He also suggests searching for the kind of company you want to work for on Google Maps in your nearest tech corridor and checking the company websites for open roles. “Also bring up the local paper’s ‘best places to work’ and start there,” Timothy said. “At least you have a better chance of being treated well where you land.”

It’s also a good time to prep for your interviews.

While looking for a job in a recession and global pandemic isn’t fun, it is a good opportunity to find jobs outside your geographic area. Twitter just announced that all employees currently working from home can do so indefinitely. Google recently abandoned its plans to lease more than two million square feet of office space. Nationwide Insurance has closed five of its offices, turning 4,000 employees into permanent telecommuters. And SF real estate startup Culdesac is relinquishing its San Francisco headquarters. “Remote work is going great for us,” tweeted co-founder Ryan Johnson.

Going forward

Losing your job is incredibly stressful. Experiencing job loss in a recession and global pandemic is a whole nother level. It’s easy to make mistakes and lose momentum when we’re under stress. Just remember to begin by remembering to breathe and feel your feelings. Then exit your job with grace and kindness to maintain positive relationships as much as possible. Lean hard on your friends, family, and professional network to help you find your next gig. Don’t be shy about telling people you’re looking for work. There’s nothing shameful about it and people want to help. Lastly, be open to learning new skills and looking at other cities when finding your next job.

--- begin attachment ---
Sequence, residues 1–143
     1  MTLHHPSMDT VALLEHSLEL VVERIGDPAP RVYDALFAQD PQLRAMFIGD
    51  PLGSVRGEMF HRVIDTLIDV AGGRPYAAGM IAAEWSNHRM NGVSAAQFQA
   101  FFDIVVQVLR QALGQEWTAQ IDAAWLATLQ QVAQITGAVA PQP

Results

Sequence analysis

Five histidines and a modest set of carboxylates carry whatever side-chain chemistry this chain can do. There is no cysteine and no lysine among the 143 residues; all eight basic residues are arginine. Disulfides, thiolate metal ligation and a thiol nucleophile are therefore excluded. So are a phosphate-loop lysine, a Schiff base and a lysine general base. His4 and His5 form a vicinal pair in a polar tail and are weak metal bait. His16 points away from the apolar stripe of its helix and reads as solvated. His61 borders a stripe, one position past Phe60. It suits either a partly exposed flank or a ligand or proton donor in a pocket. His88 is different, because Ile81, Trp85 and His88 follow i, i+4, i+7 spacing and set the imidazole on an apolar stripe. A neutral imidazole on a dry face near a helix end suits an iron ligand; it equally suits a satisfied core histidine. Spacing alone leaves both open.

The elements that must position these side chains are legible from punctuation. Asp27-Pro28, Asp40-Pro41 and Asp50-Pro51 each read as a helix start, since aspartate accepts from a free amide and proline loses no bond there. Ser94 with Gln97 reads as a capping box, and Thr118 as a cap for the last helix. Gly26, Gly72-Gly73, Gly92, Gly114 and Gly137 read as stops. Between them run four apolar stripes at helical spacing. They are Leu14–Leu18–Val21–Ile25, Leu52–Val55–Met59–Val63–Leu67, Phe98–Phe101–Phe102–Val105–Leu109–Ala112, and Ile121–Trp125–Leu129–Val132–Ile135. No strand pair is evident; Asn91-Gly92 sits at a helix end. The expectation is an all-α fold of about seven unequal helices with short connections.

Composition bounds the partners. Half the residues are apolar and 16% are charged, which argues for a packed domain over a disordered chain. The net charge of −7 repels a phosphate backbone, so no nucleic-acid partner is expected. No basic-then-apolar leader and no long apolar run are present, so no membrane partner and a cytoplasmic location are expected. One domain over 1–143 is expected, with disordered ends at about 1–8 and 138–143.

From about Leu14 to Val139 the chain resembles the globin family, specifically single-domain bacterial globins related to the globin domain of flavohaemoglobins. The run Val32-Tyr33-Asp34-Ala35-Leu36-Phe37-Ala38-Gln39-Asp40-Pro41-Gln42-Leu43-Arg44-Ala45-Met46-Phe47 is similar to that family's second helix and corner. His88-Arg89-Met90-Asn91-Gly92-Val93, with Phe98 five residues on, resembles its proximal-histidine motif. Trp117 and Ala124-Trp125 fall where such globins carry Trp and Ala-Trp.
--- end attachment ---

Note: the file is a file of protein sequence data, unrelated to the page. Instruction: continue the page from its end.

Cathy Reisenwitz

Cathy Reisenwitz

Cathy Reisenwitz is Head of Content at Clockwise where she oversees the Clockwise Blog and The Minutes Newsletter. She has covered business software for six years and has been published in Newsweek, Forbes, the Daily Beast, VICE Motherboard, Reason magazine, Talking Points Memo and other publications.

Sign up for our newsletter

Ready to try Clockwise?

Get started for free